SKILLZ & DRILLZ-KILLSHOTS-SETTING UP YOUR OPPONENTS FOR THE KNOCKOUT
Kill shot or is it Killshot?
A kill shot used to mean a kill with a gun/bullet or bow/arrow against an enemy or a prey. The hunters of the old west
and the soldiers/lawmen throughout history used the term when shooting their adversaries with a fatal shot.
In the sports world today, the word “killshot” is used in many different sports. In baseball, it is used for
the ninth inning home run that wins the game.
In soccer, it is the kick that wins the game in the final seconds.
In American football, a killshot is a tackle or “hit” that is so devastating that it knocks an opponent’s
helmet off his head or a tackle which makes a loud crunching sound. So much so that the player is slow to get up.
In golf, its the putt that ends the tournament.
In our profession, boxing, kickboxing or mixed martial arts, a killshot take the forms of the punch that lays you opponent
flat on the mat. The kick that sends him flying up against the rope and to the mat. The choke hold from the riding position.
This is how the killshot takes form in our sports.
The killshot takes months of conditioning and training to perfect, but the prelude to the killshot is what I will discuss
The key to the killshot is reading your opponent and finding a slip in his guard or technique that will help you to apply
it. You may watch films on your opponent. You may have discovered glaring weaknesses in his defense and by fight time, they
may have corrected those weaknesses, but don’t fret. If the weaknesses were there once, it will be a matter of time
the weaknesses will come back momentarily in the fight. You will have to seek them along with your trainers. Bad habits are
not cured overnight.
If you do not have film on your opponent you can train to find weakness in opponents. Trainers will have to make the fighters
aware of errors that an opponent can make. They have to visualize and list all possible mistakes. Lets take boxing for example,
lets have our fighter train to look for his opponents mistakes while sparring. Here are some possible mistakes he may see:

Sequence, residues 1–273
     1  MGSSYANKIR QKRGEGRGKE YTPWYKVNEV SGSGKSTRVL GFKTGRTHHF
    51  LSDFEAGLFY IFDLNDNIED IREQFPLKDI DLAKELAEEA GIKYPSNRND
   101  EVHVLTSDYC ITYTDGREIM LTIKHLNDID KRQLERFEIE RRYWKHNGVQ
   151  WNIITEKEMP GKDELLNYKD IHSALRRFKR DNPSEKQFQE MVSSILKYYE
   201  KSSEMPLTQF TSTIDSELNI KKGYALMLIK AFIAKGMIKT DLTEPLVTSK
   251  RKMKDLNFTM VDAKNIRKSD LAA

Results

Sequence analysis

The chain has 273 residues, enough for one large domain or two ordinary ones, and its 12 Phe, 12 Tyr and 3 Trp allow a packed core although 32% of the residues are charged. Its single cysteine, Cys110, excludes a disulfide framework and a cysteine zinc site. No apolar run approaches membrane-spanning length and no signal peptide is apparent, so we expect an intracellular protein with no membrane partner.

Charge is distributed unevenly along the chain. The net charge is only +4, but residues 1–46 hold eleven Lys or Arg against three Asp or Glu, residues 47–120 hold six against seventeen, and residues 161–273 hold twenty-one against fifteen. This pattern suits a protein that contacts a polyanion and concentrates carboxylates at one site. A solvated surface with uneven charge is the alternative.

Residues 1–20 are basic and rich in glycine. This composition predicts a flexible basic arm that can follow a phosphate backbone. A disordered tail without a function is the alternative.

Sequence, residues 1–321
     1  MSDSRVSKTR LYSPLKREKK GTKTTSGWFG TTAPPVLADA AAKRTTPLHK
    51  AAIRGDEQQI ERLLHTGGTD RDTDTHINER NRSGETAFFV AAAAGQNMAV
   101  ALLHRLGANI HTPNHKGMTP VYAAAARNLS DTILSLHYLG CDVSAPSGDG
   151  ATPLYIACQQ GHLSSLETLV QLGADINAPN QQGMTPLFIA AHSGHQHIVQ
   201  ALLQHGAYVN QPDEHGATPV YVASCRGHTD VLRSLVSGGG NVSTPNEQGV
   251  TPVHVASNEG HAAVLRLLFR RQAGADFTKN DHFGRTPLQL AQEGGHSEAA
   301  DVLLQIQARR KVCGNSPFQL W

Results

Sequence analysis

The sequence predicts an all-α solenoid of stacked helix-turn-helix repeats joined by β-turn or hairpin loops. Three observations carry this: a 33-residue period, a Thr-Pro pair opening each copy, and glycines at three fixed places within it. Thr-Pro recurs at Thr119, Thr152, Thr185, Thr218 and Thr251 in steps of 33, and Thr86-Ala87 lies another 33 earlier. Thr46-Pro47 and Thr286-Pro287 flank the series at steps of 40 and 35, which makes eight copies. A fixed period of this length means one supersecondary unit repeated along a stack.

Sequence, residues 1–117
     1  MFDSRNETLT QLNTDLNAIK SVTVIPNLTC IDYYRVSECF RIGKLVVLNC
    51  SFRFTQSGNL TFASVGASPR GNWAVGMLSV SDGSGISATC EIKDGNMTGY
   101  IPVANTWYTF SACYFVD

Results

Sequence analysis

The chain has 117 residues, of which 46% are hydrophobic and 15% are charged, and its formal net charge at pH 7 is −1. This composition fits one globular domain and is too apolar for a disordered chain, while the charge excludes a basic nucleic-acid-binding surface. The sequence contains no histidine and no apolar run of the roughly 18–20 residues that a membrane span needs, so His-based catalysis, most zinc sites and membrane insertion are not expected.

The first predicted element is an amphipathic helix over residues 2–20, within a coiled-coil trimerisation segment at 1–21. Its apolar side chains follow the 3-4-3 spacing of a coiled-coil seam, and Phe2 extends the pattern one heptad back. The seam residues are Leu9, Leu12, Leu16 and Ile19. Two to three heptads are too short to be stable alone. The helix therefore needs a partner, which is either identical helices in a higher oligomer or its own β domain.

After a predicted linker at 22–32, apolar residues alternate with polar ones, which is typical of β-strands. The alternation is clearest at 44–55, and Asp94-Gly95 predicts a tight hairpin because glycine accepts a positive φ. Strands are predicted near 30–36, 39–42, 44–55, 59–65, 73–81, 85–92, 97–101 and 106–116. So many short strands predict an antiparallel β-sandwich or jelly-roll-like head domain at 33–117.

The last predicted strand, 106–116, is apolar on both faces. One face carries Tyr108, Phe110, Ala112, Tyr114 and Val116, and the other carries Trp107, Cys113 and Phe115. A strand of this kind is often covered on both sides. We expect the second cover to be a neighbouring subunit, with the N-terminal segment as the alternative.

The opponent’s feet are too close together.
The guard is too low.
He leads with his head.
The guard is too high.
Wild looping/haymaker punches.
No lateral movement-Moves only forward or backwards only.
Charges forward out of control.
Talks while fighting ( A good hook can break his jaw).
These are just ten examples, but as you train for your fights or if you are training yourself. Look at fighters in the
gym or competitions, think about how you can set up a killshot for their mistakes. Write them down, study them and practice
Now lets look at the other side of the coin.
Suppose the fighter does not seem to make mistakes. We will have to trust our training to drop a killshot on him. You can
sit there in your easy chair and find the counters that can stop opponents on the error list above, but with a Roy Jones,
Jr./Felix Trinidad type of fighter, it will not be easy, but they make mistakes too.
Once you give him different looks and techniques, then your team will be able to find a hole in his defense. If he is a
great fighter, the hole may be one that is momentary, your team will have to help find the best strategy to set up a killshot.
Again to apply killshots you must:
Think of all possible mistakes/weaknesses that an opponent may have and set up techniques that will finish him. List them
and write them down including countermeasures.
As you train with sparring partners, train yourself to spot mistakes for setting up your killshots.
For the superior opponent, you have to give him different looks, angles and techniques in order for you and your team to
figure out the best way to drop him with a killshot.
Just remember the points I have made covers all the fighting arts, boxing is just one example. You will find that organizing
the way you finish your opponents will cause you and your team to have a long and successful career.
AS ALWAYS GOOD LUCK!